Potentially affected entities may include:
     Crop production (NAICS code 111).
     Animal production (NAICS code 112).
     Food manufacturing (NAICS code 311).
     Pesticide manufacturing (NAICS code 32532).

B. How can I get electronic access to other related information?

    You may access a frequently updated electronic version of 40 CFR 
part 174 through the Government Printing Office's e-CFR site at http://www.ecfr.gov/cgi-bin/text-idx?&c=ecfr&tpl=/ecfrbrowse/Title40/40tab_02.tpl.

C. How can I file an objection or hearing request?

    Under FFDCA section 408(g), 21 U.S.C. 346a(g), any person may file 
an objection to any aspect of this regulation and may also request a 
hearing on those objections. You must file your objection or request a 
hearing on this regulation in accordance with the instructions provided 
in 40 CFR part 178. To ensure proper receipt by EPA, you must identify 
docket ID number EPA-HQ-OPP-2017-0115 in the subject line on the first 
page of your submission. All objections and requests for a hearing must 
be in writing, and must be received by the Hearing Clerk on or before 
February 2, 2018. Addresses for mail and hand delivery of objections 
and hearing requests are provided in 40 CFR 178.25(b).
    In addition to filing an objection or hearing request with the 
Hearing Clerk as described in 40 CFR part 178, please submit a copy of 
the filing (excluding any Confidential Business Information (CBI)) for 
inclusion in the public docket. Information not marked confidential 
pursuant to 40 CFR part 2 may be disclosed publicly by EPA without 
prior notice. Submit the non-CBI copy of your objection or hearing 
request, identified by docket ID number EPA-HQ-OPP-2017-0115, by one of 
the following methods:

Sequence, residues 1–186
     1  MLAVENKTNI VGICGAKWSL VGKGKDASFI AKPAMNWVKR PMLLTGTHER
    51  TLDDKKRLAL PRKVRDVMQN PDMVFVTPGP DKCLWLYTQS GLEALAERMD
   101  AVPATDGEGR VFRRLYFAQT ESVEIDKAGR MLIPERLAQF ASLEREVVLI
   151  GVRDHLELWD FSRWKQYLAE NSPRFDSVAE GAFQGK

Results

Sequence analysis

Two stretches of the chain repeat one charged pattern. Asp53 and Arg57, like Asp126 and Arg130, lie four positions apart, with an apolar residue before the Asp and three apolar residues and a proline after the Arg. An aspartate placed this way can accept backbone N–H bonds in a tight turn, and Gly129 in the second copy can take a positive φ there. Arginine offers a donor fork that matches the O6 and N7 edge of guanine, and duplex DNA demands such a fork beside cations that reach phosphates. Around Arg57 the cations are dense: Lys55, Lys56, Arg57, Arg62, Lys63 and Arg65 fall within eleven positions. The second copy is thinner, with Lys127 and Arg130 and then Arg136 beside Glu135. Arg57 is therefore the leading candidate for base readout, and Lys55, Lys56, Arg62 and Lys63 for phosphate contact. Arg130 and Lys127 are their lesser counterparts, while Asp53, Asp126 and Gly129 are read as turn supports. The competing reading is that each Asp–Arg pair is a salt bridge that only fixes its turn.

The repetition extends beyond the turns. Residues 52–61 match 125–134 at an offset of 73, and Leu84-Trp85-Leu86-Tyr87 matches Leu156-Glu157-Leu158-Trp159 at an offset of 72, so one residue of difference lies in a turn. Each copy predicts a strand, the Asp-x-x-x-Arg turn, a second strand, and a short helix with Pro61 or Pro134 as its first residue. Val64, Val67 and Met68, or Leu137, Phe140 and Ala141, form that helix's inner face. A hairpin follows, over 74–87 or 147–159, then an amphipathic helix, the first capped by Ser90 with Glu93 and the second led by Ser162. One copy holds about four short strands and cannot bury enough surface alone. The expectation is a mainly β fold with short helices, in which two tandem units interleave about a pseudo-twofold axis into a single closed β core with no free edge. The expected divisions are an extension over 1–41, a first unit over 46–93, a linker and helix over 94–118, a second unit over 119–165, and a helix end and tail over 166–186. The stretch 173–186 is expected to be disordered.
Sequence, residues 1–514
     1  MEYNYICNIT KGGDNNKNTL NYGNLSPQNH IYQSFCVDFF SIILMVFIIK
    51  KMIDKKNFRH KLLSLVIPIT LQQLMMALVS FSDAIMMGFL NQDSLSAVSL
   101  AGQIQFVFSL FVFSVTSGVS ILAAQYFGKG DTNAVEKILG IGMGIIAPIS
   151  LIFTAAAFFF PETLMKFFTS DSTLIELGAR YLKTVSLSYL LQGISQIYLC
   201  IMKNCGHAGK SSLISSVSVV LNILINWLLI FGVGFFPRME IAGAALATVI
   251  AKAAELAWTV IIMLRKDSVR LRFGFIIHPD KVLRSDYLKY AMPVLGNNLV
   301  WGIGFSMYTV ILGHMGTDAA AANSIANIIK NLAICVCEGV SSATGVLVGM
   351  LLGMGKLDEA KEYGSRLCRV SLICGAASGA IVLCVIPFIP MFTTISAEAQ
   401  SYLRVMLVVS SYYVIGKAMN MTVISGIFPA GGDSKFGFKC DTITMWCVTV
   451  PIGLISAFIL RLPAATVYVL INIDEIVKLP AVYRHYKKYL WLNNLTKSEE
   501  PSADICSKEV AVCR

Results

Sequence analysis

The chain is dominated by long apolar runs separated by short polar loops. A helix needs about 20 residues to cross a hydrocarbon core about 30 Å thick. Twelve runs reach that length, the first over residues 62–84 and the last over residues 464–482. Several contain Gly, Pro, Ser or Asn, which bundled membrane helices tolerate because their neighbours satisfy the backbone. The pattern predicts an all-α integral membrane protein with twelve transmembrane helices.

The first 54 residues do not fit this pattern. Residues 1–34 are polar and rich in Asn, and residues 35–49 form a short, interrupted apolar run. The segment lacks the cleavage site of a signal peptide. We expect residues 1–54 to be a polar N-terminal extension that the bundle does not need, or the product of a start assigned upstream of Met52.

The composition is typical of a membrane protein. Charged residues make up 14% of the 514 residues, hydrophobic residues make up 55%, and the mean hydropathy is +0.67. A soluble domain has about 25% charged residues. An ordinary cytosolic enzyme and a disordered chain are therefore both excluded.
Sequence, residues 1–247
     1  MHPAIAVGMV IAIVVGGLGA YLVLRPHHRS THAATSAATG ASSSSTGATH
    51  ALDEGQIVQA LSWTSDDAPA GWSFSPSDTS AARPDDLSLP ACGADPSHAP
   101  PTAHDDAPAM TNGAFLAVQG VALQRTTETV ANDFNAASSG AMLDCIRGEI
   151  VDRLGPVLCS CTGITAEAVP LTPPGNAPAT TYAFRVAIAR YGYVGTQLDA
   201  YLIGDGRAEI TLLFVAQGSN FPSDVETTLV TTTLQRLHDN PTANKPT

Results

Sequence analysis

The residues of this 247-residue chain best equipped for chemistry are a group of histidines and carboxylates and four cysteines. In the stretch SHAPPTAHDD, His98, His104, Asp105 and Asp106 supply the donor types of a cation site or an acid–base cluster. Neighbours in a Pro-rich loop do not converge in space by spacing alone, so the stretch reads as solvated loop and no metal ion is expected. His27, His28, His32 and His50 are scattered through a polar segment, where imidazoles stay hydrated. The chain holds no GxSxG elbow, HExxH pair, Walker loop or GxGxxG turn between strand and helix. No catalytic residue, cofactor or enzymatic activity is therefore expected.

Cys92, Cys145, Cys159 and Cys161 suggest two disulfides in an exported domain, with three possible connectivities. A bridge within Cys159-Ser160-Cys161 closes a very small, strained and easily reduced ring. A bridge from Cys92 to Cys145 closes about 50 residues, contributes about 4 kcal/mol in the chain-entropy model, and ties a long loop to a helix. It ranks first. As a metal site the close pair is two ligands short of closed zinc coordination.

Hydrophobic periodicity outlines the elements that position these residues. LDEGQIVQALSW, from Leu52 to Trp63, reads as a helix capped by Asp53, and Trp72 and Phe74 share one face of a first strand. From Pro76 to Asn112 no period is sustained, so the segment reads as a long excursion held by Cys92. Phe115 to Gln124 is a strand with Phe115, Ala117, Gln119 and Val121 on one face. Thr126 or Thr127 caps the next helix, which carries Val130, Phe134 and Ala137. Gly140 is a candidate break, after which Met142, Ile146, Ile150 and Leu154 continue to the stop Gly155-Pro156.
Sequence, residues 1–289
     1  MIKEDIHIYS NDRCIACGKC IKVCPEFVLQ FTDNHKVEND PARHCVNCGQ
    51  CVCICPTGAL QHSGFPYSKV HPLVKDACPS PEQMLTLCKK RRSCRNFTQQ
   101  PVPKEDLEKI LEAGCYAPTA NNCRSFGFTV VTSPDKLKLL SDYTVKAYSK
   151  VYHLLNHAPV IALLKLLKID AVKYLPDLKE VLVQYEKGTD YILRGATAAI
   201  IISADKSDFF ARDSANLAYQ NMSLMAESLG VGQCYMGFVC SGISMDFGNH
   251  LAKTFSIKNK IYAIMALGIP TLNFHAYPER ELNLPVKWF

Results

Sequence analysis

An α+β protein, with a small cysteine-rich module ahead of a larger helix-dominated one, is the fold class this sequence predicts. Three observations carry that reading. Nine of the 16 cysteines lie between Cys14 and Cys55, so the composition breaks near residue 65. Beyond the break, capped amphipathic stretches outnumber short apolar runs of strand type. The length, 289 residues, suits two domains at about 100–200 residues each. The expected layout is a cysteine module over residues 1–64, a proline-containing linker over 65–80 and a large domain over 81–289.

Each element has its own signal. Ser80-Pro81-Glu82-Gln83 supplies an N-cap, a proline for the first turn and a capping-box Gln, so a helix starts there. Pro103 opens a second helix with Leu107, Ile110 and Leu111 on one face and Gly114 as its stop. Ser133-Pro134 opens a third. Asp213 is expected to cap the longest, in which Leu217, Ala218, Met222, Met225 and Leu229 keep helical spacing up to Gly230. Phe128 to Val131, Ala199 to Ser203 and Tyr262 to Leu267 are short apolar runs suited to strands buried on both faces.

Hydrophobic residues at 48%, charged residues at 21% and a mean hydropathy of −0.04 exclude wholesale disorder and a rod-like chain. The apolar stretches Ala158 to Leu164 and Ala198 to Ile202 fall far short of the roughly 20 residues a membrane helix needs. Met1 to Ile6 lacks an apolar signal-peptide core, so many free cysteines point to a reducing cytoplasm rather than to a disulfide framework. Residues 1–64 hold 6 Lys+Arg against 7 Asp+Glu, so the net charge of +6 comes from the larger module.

Federal eRulemaking Portal: http://www.regulations.gov. 
Follow the online instructions for submitting comments. Do not submit 
electronically any information you consider to be CBI or other 
information whose disclosure is restricted by statute.
     Mail: OPP Docket, Environmental Protection Agency Docket 
Center (EPA/DC), (28221T), 1200 Pennsylvania Ave. NW., Washington, DC 
20460-0001.
     Hand Delivery: To make special arrangements for hand 
delivery or delivery of boxed information, please follow the 
instructions at http://www.epa.gov/dockets/contacts.html. Additional 
instructions on commenting or visiting the docket, along with more 
information about dockets generally, is available at http://www.epa.gov/dockets.

II. Background

    In the Federal Register of June 8, 2017 (82 FR 26639 (FRL-9961-90) 
and 82 FR 26641 (FRL-9961-14)), EPA issued notice pursuant to FFDCA 
section 408(d)(3), 21 U.S.C. 346a(d)(3), announcing the filing of a 
pesticide tolerance petition (IN-11022) by Bayer CropScience LP 2 T.W. 
Alexander Dr., Research Triangle Park, NC 27709. The petition requested 
that 40 CFR part 180 be amended by establishing an exemption from the 
requirement of a tolerance for plant-pesticide inert HPPD-4 in or on